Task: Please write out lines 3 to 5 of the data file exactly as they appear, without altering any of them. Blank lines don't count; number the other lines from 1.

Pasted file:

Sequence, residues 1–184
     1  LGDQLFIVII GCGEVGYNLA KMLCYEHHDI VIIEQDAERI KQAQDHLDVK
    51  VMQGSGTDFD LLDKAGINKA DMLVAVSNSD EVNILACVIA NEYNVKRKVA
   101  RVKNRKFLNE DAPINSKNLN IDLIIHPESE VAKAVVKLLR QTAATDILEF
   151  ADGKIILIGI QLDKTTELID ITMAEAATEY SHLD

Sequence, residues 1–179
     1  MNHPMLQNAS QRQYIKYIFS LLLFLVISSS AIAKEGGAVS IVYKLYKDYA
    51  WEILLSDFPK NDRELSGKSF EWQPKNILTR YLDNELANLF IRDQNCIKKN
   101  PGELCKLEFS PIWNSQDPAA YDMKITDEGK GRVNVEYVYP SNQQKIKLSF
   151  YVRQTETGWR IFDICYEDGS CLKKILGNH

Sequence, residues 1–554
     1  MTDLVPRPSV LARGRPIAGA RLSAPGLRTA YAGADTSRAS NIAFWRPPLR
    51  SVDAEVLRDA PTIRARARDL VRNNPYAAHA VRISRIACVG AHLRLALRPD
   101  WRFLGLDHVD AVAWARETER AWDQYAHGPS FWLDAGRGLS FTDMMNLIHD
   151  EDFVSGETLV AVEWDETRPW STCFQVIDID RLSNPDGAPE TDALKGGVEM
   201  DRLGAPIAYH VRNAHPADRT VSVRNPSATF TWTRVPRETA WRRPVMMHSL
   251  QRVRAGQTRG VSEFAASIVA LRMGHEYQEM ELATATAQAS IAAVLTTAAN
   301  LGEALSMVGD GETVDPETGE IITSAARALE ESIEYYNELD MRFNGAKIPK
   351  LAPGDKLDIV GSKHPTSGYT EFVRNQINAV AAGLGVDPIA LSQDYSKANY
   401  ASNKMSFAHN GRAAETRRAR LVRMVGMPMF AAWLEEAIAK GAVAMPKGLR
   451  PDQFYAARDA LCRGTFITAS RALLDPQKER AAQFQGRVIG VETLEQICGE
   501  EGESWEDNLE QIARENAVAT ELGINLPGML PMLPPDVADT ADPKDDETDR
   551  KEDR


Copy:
    51  VMQGSGTDFD LLDKAGINKA DMLVAVSNSD EVNILACVIA NEYNVKRKVA
   101  RVKNRKFLNE DAPINSKNLN IDLIIHPESE VAKAVVKLLR QTAATDILEF
   151  ADGKIILIGI QLDKTTELID ITMAEAATEY SHLD